The Crazy Cat Woman Of Skyros

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Lisa Van Dijken describes herself as the Crazy Cat Woman of Skyros, but much depends on what crazy means. Little did she know, when she came to work for a Greek/Dutch Tour Operator what she would encounter and how this would change her life. For the last 6 years she’s fed and cared for stray cats on the Greek Island of Skyros in the Aegean.

Many Greeks have holiday houses on the island and feed the cats during the summer. Even if the strays are not fed, the bins have left overs in many of the resorts. Sadly, very little help is given to the strays when the tourist leave in the summer and their condition deteriorates rapidly in the winter.

The local Municipality has responsibility for them but provides very limited funding for food or neutering.  This is where Lisa steps in, feeding and aiding in the trapping, neutering and release programmes. She has also set up a Facebook page to draw attention to the plight of these sentient creatures.

Today Lisa has nine strategic feeding station located around the island. These stations help to create healthy cat colonies in safe places. Lisa’s preference is always a private garden where the strays are at less risk of poisoning or road injuries.

Cat eating from a homemade feeder

Her home made feeders are placed strategically, to ensure as many strays as possible are fed. At the moment she has 4 feeders in Skyros town and 5 others around the island at locations such as Molos and Magazia. Twice a week she fills the feeders and checks on the health of the cats.

Every trip requires two 20kg bags of dry cat food each bag costing €24 or wet-food costing €15.50 for two dozen cans. Her spiralling costs continue to rise, with the short fall covered directly from Lisa’s own pocket. As she says, “It’s often a struggle to make ends meet.”

Feeding stations have other advantages, treatments such as worming, dealing with ear mites and eye infections can be given. Many kittens are born with eye infections from chlamydia, passed to them by their mothers as strays are not protected by vaccines.

They can go blind in a few days if not treated. If detected quickly enough the kitten can be given eye drops by the vet and make a swift recover in a few days. Even cleaning the eyes with water can save the sight, before these drops are given.

The main goal of Lisa’s intervention is TNR (Trap, Neuter and Return). This has already made a significant difference to the cats on the island.  Humane control of the stray colonies, not only decreases the population, but leads to healthier and happier cats.

Males are less likely to get into fights, bitten and infected with disease such as feline immunodeficiency virus (FIV) or leukemia virus (FELV).

The Greek Cat Welfare Society (GCWS, now in its 30th year) currently supports over 25 groups on the islands and mainland with grants, equipment, supplies and vets/nurses, in areas including Athens, Crete, Rhodes, Samos, Skyros and Thessaloniki.

This charitable foundation organises volunteer vets and nurses to carry out the neutering in most months of the year; or gives financial and material support to local volunteer groups who organise neutering programmes.

In recent years, the provision of volunteer veterinary teams from the UK for neutering in Greece, has become increasingly difficult due to strict legislation. Vets have to be registered with the Greek veterinary authorities, with all campaigns authorised and held in licensed clinics.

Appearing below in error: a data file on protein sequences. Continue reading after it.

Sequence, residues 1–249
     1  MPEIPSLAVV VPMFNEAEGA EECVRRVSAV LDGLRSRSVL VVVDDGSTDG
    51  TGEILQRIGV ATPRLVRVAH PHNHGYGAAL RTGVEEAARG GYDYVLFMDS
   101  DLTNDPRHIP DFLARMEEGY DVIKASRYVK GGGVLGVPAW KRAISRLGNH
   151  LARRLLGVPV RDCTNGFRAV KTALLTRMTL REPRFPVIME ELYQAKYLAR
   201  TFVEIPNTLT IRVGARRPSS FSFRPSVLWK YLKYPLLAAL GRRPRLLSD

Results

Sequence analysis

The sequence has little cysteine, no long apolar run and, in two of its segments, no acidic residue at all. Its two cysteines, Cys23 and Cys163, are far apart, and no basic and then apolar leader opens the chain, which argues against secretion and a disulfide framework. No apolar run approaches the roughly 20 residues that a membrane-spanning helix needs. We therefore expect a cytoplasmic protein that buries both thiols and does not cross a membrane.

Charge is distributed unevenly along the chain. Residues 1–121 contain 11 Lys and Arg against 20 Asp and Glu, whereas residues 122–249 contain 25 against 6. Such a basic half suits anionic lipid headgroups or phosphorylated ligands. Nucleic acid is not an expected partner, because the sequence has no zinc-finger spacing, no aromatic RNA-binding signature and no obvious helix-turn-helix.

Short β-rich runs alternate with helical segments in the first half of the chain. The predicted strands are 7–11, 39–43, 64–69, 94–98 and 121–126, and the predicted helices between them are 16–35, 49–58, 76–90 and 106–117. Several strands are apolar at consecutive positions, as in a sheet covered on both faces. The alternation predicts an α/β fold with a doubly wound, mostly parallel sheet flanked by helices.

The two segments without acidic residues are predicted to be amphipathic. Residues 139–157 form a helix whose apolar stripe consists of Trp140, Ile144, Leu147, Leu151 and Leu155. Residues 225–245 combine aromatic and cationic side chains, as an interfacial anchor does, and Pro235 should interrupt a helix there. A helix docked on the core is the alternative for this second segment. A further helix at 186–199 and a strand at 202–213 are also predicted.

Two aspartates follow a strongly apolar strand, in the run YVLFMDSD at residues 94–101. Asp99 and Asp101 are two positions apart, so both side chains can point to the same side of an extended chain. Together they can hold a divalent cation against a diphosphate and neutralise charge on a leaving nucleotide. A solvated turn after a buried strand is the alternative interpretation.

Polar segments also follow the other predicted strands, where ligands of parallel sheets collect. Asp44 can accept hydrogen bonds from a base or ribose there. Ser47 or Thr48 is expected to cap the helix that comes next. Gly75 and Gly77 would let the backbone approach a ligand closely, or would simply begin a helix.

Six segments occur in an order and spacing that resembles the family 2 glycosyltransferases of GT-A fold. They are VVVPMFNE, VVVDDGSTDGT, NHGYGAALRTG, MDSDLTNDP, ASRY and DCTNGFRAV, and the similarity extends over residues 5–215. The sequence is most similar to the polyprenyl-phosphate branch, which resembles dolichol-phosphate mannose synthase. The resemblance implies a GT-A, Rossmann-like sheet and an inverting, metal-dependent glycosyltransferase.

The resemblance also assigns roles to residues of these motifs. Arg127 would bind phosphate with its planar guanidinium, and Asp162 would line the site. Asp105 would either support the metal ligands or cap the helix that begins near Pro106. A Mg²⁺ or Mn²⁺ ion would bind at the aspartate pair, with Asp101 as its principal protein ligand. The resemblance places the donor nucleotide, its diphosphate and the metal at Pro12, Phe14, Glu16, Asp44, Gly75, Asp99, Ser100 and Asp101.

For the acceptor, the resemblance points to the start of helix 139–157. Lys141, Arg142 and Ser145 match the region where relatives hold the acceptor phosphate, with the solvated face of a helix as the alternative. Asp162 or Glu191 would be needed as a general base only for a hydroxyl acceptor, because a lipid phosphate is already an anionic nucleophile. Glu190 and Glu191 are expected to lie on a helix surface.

Their involvement is not always permitted or supported. This means a heavy reliance on local Greek vets with hugely increased costs.

“I enjoy good cooperation from my local vets,” Lisa says, “although they are only on the island for four days every fortnight in the winter.”  The vets are sensitive to her plight and offer her special rates for neutering.

Nevertheless, animal health and welfare at any level is an expensive business. Costs for the GCWS just for neutering in one six month period amounted to £45,000 and this didn’t include over 50  ‘ad hoc’ requests. With an estimate of 2 million stray cats in Greece, there is never enough money to cover every worthy cause.

Lisa receives a grant from the GCWS three times a year for neutering that amounts in total to 2000 euros. Lisa buys all the dry and wet food from donations and from her own money.

“What I do,” she says modestly, “is just a drop in the ocean. If more cats survive, or there are no unwanted kittens and males have an easier life, then I’ve achieved my goal,” but it’s a relentless task with not many people wanting to help her.

She lives in a closed society where “stubborn attitudes to cats” prevail and where many locals perceive these sentient creatures as vermin.

“Skyrians, generally don’t care about the cats and feel it’s a complete waste of money, ”she says. Once when she fed the cats, someone cried out “Death to all Cats.” That says it all.

At home work isn’t finished with 70 cats roaming the house. These cats require medical treatment or post-operative care, others are blind, deaf or infirmed like a very old cat with a heart problem that wouldn’t survive if released into the wild.

Hopefully Education at school will gradually ensure changing attitudes for the better. This Crazy Cat person meanwhile is determined to carry on despite the enormity of her challenges. As Aishabella Sheikh wrote in her book Jungle Princess “Sometimes it’s the crazy people that bring out the best in us.”


Those wishing to donate to Skyros Cats:

Facebook Page:

Pay Pal: [email protected]

There’s also opportunity for a virtual adoption

The Greek Cat Welfare Society (UK)

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